Reputations in economic coercion: explaining the effectiveness of sanction threats Public Deposited

Downloadable Content

Download PDF
Last Modified
  • March 22, 2019
Creator
  • Kleinberg, Katja B.
    • Affiliation: College of Arts and Sciences, Department of Political Science
Abstract
  • Economic sanctions are an increasingly common phenomenon in international politics. A large and growing body of research has been devoted to their study and to the questions of whether and how sanctions work. Yet while our understanding of imposed sanctions and their ability to bring about desired outcomes has increased significantly over, we know much less about the earlier stages of the sanctioning process. Why do targeted states sometimes give in to mere threats of sanctions but reject them at other times? Is it enough that the prospective costs of threatened sanctions are large? Or will a state stand firm even in the face of potentially powerful sanctions if there is reason to believe that the sender is bluffing? Taking as a point of departure the general insight that coercive threats have to be both credible and potent to succeed, this dissertation proposes a novel explanation for sanctions outcomes. I argue that a state's past record of carrying out sanction threats against recalcitrant opponents provides targeted states with information about the likelihood with which a current threat will be enforced. Based on observations of their previous actions, sender states acquire reputations for resolve, which come to affect the perceived credibility and thus the coercive effectiveness of their threats. From this basic argument, I derive three hypotheses, which I test against a number of alternative predictors suggested by the extant literature. The findings indicate that potential sanctioners might do well to mind their reputations.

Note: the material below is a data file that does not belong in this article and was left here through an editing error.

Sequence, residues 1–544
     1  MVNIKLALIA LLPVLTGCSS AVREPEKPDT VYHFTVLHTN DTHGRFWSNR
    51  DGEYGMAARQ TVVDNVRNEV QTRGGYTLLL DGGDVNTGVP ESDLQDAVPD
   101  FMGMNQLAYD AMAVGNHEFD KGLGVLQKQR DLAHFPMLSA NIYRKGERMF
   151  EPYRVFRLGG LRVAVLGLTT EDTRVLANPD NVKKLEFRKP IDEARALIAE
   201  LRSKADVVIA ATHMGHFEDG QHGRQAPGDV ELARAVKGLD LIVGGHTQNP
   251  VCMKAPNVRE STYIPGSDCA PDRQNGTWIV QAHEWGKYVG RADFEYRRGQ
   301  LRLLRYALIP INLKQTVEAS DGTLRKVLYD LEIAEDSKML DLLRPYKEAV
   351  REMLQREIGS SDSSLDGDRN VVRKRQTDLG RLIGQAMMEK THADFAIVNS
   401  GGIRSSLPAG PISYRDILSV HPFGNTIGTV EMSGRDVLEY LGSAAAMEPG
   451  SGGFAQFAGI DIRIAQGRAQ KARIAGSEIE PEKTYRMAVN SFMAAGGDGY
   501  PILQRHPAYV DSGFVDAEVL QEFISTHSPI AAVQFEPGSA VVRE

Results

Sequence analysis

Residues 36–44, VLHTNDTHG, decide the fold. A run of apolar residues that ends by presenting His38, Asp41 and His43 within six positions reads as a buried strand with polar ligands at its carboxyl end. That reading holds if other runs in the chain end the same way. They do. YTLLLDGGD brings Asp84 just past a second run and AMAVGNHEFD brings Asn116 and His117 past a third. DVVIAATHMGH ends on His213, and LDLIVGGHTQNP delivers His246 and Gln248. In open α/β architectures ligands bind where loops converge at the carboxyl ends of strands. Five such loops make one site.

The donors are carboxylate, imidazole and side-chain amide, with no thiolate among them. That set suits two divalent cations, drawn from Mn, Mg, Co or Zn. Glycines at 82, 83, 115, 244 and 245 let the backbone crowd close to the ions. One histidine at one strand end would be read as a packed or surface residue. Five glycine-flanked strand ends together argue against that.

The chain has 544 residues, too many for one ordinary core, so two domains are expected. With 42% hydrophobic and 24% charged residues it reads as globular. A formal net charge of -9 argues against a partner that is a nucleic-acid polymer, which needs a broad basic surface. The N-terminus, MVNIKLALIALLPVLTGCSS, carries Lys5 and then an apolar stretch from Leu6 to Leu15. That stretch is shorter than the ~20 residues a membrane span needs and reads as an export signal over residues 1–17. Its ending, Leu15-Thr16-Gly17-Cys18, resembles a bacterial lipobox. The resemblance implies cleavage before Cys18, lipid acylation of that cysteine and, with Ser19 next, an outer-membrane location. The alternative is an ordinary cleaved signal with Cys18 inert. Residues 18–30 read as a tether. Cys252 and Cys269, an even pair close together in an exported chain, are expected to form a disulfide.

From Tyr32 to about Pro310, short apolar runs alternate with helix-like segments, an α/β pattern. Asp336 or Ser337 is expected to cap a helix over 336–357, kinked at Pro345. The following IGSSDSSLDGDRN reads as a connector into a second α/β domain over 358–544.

Date of publication
DOI
Resource type
Rights statement
  • In Copyright
Advisor
  • Crescenzi, Mark J. C.
Degree granting institution
  • University of North Carolina at Chapel Hill
Language
Access
  • Open access
Parents:

This work has no parents.

Items